The remainder of this document consists of the following parts:
Part 1: Specification of a cyberbody explains the exact composition of a 
Part 2: Storage form of a cyberbody describes how the cleartext
information of a cyberbody is transformed into two strings that expose
the statistical properties of random numbers. This form is the storage
form of a cyberbody. 
Part 3: Access and Update Protocol for stored cyberbodies describes how
the two parts of a cyberbody can be retrieved from the Internet, and how
modified versions can be stored. At the heart of it there is a
comit/rollback mechanism combined with username / password authentification.
Part 4: A sample client using cyberbodies implemented in Java is a
simple Java application that retrieves cyberbodies, allows the client to
access the services stored in it, allows the client to modify
cyberbodies and store them.
Part 5: A sample server storing cyberbodies implemented in PHP gives the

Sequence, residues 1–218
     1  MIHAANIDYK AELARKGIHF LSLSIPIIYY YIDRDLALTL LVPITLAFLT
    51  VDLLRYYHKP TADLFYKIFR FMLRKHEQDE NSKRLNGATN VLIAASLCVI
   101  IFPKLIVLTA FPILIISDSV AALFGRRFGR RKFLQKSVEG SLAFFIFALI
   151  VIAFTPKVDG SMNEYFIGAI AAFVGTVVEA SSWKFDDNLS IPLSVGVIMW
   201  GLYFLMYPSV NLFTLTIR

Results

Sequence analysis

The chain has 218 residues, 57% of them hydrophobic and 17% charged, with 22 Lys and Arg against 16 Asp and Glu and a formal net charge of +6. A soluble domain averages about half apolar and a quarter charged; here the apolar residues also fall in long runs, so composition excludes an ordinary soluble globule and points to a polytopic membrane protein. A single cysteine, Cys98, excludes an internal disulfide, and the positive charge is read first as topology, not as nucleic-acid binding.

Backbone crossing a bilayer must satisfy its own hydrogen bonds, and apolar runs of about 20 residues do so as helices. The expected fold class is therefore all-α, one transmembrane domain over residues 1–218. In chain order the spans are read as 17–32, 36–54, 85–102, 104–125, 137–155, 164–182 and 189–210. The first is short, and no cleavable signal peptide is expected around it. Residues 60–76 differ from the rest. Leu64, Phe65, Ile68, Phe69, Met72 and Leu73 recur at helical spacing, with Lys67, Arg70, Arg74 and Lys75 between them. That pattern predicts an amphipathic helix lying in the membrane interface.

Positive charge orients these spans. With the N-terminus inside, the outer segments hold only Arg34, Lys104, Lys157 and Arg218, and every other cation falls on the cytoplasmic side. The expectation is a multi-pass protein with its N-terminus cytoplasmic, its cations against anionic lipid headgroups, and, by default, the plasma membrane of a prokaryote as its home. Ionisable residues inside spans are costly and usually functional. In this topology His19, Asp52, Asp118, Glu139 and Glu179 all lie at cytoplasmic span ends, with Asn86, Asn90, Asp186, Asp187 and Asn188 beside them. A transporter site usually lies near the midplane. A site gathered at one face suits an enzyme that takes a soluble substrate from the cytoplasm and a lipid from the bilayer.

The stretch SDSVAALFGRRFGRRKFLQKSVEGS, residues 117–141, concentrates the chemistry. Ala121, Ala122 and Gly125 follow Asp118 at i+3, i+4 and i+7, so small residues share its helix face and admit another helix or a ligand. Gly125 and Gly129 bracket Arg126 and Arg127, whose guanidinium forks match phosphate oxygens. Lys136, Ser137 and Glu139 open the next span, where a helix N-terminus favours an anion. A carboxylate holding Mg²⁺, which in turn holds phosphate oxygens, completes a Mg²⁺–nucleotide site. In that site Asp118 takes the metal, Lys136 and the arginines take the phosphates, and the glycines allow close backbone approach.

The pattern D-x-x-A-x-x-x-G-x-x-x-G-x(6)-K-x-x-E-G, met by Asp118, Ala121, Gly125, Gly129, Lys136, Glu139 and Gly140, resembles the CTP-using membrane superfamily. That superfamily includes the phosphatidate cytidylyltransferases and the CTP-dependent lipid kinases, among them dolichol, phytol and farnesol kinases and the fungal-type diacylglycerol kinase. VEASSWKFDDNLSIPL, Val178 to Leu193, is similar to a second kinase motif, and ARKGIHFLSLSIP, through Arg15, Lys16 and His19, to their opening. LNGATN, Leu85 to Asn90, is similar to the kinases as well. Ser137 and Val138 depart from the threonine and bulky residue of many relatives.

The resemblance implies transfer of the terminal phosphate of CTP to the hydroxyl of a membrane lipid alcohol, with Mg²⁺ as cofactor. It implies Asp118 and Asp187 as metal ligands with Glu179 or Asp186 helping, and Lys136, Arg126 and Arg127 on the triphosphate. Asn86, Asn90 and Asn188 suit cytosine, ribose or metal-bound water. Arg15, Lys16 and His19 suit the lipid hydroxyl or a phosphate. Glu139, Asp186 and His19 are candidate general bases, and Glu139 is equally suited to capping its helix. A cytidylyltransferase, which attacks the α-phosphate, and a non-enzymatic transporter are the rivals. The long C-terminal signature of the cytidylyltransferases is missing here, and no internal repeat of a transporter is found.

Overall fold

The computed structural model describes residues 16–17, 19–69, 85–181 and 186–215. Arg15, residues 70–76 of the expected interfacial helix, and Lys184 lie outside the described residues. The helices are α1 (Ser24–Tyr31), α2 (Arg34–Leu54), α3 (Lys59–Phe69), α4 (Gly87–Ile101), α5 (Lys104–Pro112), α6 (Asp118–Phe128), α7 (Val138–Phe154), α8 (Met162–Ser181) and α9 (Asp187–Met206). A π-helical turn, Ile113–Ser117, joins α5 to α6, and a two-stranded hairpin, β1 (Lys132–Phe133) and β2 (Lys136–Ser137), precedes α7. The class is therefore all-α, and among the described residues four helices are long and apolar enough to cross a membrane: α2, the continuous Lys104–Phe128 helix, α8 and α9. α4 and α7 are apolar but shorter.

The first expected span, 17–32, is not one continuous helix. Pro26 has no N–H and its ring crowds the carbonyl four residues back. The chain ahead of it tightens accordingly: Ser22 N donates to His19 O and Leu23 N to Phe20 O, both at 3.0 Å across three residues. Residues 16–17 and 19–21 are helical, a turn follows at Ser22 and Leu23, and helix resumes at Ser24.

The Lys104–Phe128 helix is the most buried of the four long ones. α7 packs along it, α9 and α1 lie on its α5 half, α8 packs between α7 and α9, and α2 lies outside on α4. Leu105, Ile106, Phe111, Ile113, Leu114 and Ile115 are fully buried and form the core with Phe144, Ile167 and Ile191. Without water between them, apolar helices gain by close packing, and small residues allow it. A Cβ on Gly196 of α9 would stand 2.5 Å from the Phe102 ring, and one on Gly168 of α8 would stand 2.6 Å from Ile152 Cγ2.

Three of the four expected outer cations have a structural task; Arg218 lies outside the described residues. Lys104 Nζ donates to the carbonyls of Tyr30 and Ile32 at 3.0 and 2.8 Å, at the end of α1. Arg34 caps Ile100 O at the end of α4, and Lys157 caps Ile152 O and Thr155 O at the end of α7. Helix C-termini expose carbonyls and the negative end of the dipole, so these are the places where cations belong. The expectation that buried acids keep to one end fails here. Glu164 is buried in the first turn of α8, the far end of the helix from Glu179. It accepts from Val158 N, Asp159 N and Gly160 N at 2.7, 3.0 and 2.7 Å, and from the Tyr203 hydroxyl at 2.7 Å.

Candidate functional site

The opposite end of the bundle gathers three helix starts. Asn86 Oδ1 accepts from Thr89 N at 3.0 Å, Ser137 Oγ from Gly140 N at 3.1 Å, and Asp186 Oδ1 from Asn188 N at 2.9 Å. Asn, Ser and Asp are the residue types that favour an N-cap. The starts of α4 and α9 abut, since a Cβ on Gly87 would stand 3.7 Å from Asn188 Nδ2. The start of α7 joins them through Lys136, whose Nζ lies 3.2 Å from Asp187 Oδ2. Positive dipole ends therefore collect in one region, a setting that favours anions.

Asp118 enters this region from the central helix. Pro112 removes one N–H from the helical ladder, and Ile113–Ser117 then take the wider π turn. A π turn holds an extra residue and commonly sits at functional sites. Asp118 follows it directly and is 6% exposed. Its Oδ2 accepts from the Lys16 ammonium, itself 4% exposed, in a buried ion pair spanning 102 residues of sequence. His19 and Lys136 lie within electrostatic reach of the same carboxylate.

necessary scripts for implementing a cyberbody storage on a LAMP server.
Part 6: Future improvements describes what has to be done in the future
to make this system more practical.

Cyberbody: Collection of personal authentication data that is needed to
access web services
Web Service: Simple things like e-mail, file storage/ftp, bulletin
boards, calender, link collection, address books


A cyberbody is a list of lines each describing one service. A service
consists of a service description (protocol part of the URL), a web
address, a username, a password and a comment that is displayed to the end-user.

Cyberbody := "<body>" <lf> {WebServiceAccessInfo} "</body>" <lf>
WebServiceAccessInfo := URL " " Username " " Password " " Comment<lf>

<body> - - My favourite web site
pop3:// ck nuknuk My POP3 account
ram:// - - My favourinte radio station ck nuknuk My file storage
app:// ck nuknuk My favourite Word editor

In order to store a cyberbody, the cleartext form of the cyberbody is
transformed into a storage form that consists of two strings of bytes of
the exact same length. Due to the way these strings are generated, they
both look like strings of random numbers.

Let c_i, i=0..n be the binary representation of the cyberbody.
Let r_i, i=0..n be a random bytes.
Let s_i := c_i XOR r_i, i=0..n
The storage form of the cyberbody consists of the byte sequence r_i and
the byte sequence s_i.

Given the storage form of a cyberbody as two byte sequences r_i and s_i,
the cleartext form of the cyberbody can be calculated as c_i:=r_i XOR s_i.

The desired property of this storage form is, that both sequences expose
the statistical properties of random numbers. Both sequences are needed